Mortgage loan insurance is typically required by lenders when homebuyers make a down payment of less than 20% of the purchase price of a home. Mortgage loan insurance helps protect lenders against mortgage default, and enables consumers to purchase homes with a minimum down payment of 5% — with interest rates comparable to those with a 20% down payment.
If you want to buy a house using a down payment of less than 20% of the purchase price, you are required to pay for mortgage loan insurance (officially referred to as mortgage default insurance). You are essentially buying it on behalf of the lender because if you default on your mortgage, the insurer will reimburse the lender for your loan and most associated costs. The amount you are charged increases as your down payment decreases and your cost generally ranges from 1% to 4% of your purchase price. You are allowed to add the fee to your mortgage but you have to pay the associated PST upfront, as part of your closing costs.
CMHC has programs for self-employed applicants, new immigrants and a whole host of other groups. Your mortgage loan insurance is fully transferable to a different lender if you find a better deal at renewal. If you want to increase your original loan amount at some point in the future, you only have to pay an insurance fee on the additional amount borrowed.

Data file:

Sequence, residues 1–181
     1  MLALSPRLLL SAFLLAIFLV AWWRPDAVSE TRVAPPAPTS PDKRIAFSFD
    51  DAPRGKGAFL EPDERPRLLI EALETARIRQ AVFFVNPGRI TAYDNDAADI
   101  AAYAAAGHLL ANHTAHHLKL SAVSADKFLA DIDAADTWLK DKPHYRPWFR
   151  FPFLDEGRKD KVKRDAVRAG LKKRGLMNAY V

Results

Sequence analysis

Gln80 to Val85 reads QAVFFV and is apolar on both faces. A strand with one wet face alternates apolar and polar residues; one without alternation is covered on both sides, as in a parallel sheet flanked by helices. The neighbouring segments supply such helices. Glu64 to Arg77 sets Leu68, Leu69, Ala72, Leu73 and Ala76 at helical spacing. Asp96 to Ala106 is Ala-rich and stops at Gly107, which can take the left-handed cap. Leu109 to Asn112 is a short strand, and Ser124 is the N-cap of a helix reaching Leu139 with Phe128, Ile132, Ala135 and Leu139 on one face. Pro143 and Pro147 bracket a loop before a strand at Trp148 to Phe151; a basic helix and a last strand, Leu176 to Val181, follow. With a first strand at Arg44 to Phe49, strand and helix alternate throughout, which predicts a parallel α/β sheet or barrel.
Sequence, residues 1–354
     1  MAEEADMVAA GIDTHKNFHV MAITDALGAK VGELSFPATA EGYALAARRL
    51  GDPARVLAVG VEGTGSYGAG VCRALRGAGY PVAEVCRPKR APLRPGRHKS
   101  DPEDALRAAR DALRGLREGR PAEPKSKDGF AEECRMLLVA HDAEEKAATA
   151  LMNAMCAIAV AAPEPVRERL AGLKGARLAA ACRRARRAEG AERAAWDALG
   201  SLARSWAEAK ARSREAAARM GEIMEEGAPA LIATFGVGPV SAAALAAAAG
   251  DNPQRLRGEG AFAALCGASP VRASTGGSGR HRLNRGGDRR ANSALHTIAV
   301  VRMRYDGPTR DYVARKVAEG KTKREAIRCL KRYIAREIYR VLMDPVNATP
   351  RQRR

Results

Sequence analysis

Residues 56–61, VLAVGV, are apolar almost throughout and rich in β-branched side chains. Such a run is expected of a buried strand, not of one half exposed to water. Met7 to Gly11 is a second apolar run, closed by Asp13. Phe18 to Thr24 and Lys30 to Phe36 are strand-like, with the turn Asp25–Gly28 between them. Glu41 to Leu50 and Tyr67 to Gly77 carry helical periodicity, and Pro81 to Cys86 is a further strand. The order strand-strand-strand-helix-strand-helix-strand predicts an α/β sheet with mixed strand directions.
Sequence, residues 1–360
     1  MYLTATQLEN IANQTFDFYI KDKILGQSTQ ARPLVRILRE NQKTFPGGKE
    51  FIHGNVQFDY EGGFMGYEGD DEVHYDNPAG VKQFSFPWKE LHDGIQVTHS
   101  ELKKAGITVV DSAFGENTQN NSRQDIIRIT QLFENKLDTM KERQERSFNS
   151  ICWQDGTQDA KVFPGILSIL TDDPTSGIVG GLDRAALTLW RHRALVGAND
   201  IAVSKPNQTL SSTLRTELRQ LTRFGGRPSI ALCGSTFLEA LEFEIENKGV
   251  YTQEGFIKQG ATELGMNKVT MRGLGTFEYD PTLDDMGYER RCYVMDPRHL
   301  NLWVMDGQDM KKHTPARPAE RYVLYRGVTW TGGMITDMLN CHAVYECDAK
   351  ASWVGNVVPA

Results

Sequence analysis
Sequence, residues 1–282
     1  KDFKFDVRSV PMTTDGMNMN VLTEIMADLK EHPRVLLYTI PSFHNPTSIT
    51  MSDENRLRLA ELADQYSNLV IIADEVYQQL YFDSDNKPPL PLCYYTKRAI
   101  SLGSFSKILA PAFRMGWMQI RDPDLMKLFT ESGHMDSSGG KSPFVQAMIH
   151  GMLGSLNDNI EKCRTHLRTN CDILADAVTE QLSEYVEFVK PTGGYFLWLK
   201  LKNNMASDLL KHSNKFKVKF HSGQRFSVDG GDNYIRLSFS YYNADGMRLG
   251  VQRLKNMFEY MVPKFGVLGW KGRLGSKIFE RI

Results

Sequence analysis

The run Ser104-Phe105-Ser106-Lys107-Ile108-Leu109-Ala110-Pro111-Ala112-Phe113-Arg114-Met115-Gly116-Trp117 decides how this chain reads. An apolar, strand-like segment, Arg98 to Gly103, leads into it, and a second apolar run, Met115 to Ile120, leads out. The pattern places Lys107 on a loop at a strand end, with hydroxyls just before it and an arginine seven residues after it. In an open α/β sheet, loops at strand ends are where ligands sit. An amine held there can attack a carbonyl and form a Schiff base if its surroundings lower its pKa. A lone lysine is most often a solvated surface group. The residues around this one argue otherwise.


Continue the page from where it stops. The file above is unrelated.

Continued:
Mortgage loan insurance is not to be confused with mortgage life insurance which guarantees that your remaining mortgage at the time of your death will not be a burden to your estate.
The minimum down payment requirement for mortgage loan insurance depends on the purchase price of the home. For a purchase price of $500,000 or less, the minimum down payment is 5%. When the purchase price is above $500,000, the minimum down payment is 5% for the first $500,000 and 10% for the remaining portion. Mortgage loan insurance is available only for properties with a purchase price or as-improved/renovated value below $1,000,000.
The CMHC program is run by the Government of Canada. Having a centralized policy for high-ratio underwriting risk has given the government a reasonable amount of control over our residential market. Given the US example of what happens when lending runs without control, maybe that’s not entirely a bad thing. Especially when you consider that since CMHC started assuming the risk for high-ratio mortgages, it has opened up home ownership to a wide range of middle-class Canadians and was an important catalyst for the democratization of Canadian credit. Since that time (1954), our home ownership levels have been rising steadily and are now among the highest in the world.